What Makes the US Constitution So Great? — Disrupting America

Trump’s Claims and the Role of the FISA Court

Tom Landquist Donald Trump, Judicial System 8 Comments

The Foreign Intelligence Surveillance Court (FISC) was set up in 1978 after congress pushed through the Foreign Intelligence Surveillance Act (FISA). The court is commonly referred to as the FISA court as a nod to the legislation it was created under. It is composed of eleven federal judges who are appointed by the Chief Justice of the country. Each judge serves a seven year term, while the appointments are staggered to increase continuity in the court and prevent  vacancies. The judges must come from a minimum of seven distinct districts, and at least three of them must come from within 20 miles of Washington DC. They typically have each judge assume responsibility of the court for a week at a time on a rotating schedule.

This court has recently come into the sweat inducing glare of the national spotlight, after President Trump accused Barack Obama of committing a felony by illegally wiretapping his campaign. These accusations are extremely serious, because the President does not have the authority of unilaterally ordering a wiretap. This authority was used before the introduction of FISA in 1978, but after the act was introduced, this provided forced judicial oversight and a path for requests that can be documented and forced to meet standards of evidence approved by judicial review in the FISC.

There are currently unconfirmed reports from the BBC and other lesser known sources, that intelligence agencies in the Baltic states had recorded conversations insinuating that money was flowing from the Kremlin to the Trump campaign. According to these reports, the information was first passed to the CIA, and because they are not allowed to domestically investigate US citizens, the information was passed on to a joint task force made up of six agencies, including the FBI and DOJ. This, if true, led to a series of events as described below;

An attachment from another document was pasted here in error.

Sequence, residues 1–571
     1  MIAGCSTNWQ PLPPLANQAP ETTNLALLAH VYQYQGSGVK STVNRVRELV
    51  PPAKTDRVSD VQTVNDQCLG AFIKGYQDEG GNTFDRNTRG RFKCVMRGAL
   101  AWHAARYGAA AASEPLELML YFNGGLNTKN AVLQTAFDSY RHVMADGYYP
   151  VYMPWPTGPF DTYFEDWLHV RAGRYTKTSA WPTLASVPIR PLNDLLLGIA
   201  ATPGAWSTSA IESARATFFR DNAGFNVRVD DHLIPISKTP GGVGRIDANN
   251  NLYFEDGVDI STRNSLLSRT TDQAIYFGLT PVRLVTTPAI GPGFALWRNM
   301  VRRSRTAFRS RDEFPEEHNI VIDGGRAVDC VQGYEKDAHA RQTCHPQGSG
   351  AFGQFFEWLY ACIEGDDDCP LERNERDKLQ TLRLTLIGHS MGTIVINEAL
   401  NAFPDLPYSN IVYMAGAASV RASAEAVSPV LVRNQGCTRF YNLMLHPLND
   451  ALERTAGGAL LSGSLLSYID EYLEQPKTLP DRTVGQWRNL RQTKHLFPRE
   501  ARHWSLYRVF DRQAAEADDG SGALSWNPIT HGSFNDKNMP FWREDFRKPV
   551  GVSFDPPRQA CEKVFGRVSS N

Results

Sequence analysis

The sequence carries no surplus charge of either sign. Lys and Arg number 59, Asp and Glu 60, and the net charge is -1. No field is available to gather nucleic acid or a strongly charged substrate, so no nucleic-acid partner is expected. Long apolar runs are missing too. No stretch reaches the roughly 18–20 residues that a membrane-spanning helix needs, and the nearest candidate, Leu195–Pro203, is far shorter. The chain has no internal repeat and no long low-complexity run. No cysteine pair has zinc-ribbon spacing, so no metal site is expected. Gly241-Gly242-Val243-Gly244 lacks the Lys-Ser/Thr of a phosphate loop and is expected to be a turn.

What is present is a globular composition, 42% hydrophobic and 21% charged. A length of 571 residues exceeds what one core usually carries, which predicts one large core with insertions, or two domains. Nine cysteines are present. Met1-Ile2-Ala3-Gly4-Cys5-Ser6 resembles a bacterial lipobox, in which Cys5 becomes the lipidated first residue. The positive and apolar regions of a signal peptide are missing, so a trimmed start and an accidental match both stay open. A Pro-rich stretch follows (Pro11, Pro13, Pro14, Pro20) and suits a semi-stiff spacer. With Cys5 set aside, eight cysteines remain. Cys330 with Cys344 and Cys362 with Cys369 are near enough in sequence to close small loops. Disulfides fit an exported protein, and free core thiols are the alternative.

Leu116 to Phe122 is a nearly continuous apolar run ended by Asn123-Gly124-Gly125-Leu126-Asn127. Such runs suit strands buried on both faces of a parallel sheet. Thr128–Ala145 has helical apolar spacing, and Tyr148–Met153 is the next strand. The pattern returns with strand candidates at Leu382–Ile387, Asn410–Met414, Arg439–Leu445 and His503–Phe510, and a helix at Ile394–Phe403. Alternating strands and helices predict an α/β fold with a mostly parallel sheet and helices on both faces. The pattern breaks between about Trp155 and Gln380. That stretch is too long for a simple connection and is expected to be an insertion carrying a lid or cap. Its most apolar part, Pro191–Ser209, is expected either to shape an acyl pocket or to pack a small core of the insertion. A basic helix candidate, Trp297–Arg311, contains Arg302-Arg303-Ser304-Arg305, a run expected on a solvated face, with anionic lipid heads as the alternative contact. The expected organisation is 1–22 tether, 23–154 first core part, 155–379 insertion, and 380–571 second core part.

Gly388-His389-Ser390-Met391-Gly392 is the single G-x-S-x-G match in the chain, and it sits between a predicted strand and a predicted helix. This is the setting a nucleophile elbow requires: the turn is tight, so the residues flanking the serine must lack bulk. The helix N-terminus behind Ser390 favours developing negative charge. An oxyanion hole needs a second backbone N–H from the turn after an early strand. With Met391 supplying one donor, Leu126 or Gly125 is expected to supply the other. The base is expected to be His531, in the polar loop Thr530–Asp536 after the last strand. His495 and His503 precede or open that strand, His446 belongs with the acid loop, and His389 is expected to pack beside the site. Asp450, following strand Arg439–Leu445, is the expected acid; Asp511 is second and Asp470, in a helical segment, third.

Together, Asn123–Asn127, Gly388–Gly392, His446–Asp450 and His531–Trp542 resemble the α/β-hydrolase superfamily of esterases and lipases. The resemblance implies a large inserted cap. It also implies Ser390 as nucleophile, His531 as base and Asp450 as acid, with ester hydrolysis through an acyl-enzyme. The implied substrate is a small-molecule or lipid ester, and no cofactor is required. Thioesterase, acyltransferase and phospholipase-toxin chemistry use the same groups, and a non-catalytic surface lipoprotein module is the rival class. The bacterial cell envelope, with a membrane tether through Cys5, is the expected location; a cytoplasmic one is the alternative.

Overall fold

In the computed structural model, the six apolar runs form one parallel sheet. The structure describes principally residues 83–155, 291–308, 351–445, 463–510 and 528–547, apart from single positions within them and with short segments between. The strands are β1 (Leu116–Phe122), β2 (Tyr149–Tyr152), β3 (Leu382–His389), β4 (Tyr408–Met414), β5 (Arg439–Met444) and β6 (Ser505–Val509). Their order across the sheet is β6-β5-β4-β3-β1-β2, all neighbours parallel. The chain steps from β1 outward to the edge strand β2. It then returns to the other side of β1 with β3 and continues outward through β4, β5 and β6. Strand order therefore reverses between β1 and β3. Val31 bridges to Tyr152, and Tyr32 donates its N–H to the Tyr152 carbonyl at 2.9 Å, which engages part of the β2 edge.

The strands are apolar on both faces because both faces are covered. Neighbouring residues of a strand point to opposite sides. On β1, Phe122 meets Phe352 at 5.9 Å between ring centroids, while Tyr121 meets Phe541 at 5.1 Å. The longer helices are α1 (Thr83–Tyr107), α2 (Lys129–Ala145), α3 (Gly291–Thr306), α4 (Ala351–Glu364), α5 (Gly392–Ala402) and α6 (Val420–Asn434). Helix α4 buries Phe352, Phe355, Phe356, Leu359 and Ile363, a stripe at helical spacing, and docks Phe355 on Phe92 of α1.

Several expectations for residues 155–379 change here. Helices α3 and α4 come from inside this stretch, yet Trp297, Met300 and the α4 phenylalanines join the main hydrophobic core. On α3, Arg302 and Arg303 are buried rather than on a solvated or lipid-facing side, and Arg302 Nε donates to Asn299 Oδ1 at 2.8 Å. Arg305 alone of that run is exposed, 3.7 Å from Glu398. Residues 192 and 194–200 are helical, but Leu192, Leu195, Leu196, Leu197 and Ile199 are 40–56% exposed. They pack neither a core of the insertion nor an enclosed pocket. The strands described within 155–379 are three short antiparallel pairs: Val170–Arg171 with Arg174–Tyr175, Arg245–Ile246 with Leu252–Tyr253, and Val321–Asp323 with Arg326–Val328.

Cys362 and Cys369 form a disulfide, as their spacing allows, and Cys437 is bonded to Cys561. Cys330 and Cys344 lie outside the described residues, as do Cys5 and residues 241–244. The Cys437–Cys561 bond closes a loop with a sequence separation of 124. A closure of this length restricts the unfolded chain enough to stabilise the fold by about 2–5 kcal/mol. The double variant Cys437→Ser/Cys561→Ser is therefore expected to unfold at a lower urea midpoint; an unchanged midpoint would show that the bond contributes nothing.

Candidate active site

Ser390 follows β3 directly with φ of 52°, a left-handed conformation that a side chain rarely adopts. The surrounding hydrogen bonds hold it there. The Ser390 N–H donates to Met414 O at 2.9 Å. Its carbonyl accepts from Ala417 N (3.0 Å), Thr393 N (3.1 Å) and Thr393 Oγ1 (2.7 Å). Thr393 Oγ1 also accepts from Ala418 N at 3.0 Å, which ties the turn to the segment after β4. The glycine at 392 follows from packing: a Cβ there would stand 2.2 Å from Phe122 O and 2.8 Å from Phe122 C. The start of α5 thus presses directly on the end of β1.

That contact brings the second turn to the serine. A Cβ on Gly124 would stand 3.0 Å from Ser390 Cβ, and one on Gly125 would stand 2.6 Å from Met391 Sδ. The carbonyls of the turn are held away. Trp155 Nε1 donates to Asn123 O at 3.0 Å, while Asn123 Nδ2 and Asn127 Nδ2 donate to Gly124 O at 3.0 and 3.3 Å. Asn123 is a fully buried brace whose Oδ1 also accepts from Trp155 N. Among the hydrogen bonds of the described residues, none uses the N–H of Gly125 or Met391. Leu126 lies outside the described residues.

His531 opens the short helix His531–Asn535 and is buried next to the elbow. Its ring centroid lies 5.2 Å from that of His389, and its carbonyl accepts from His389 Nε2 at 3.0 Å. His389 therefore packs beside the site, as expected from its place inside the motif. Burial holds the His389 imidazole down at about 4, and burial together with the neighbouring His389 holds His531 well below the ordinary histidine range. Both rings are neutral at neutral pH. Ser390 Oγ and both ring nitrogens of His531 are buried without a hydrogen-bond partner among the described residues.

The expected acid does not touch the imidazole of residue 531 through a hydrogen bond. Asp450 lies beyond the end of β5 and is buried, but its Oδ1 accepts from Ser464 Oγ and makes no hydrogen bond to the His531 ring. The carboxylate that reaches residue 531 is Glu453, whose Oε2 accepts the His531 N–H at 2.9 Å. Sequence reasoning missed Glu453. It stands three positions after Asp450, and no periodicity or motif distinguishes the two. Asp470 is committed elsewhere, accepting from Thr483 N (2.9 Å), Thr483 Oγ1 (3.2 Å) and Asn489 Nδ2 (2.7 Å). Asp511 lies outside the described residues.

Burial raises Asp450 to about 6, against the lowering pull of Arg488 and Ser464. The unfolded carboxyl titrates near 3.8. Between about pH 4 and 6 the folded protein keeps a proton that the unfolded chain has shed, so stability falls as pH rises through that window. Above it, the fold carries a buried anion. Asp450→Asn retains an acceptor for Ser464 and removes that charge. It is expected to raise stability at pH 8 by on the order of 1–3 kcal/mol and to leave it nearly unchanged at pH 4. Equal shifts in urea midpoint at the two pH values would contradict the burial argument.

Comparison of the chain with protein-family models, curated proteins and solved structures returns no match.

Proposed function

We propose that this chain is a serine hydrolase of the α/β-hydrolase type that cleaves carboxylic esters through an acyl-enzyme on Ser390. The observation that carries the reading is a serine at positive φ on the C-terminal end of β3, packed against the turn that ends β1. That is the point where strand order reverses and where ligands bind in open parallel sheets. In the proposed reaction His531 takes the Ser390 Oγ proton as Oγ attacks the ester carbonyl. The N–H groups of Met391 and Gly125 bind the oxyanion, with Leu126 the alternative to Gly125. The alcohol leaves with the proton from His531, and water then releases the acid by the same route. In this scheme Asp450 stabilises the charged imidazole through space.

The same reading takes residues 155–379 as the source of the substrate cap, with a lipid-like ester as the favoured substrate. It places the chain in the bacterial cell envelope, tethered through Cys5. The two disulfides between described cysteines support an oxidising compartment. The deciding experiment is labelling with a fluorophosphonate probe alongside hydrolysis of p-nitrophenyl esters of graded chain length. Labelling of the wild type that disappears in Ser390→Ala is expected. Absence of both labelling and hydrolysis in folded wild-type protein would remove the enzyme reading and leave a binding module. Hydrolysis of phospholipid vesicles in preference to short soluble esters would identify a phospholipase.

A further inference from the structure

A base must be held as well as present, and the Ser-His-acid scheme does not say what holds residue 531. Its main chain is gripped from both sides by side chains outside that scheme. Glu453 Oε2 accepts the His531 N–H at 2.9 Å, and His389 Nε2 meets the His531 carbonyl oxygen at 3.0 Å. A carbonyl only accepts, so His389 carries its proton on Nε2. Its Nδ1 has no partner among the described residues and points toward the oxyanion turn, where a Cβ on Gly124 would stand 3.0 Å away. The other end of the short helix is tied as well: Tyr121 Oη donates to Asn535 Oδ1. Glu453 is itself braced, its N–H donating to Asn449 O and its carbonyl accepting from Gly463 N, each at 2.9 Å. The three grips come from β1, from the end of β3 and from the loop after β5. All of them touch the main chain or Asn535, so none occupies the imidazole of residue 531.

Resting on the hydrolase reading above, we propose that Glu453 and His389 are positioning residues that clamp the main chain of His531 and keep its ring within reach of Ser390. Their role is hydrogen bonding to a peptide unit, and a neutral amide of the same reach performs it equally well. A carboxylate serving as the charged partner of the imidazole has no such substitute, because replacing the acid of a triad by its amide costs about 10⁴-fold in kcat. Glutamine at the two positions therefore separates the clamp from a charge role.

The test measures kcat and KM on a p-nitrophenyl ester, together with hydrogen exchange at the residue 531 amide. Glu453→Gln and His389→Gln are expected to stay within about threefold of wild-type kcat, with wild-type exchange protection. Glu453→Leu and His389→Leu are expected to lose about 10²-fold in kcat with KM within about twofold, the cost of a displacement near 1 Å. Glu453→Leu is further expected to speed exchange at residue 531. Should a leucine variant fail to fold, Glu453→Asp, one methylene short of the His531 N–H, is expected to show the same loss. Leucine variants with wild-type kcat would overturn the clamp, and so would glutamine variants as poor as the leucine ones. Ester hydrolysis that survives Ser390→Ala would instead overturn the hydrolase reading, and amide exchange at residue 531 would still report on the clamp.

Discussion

“Lawyers from the National Security Division in the Department of Justice then drew up an application. They took it to the secret US court that deals with intelligence, the Fisa court, named after the Foreign Intelligence Surveillance Act. They wanted permission to intercept the electronic records from two Russian banks.

Their first application, in June, was rejected outright by the judge. They returned with a more narrowly drawn order in July and were rejected again. Finally, before a new judge, the order was granted, on 15 October, three weeks before election day.

Neither Mr Trump nor his associates are named in the Fisa order, which would only cover foreign citizens or foreign entities – in this case the Russian banks. But ultimately, the investigation is looking for transfers of money from Russia to the United States, each one, if proved, a felony offence.”


It’s impossible to predict the results of this explosive series of accusations and revelations, but here are the most plausible scenarios.

  1. Barack Obama flagrantly broke the law, and had people in the FBI or other intelligence agencies illegally wiretap the Trump administration as claimed. This would be the most shocking result, and in all likelihood isn’t realistic because of the secrecy, cooperation between agencies and steps needed to ensure success and prevent political fallout/legal charges.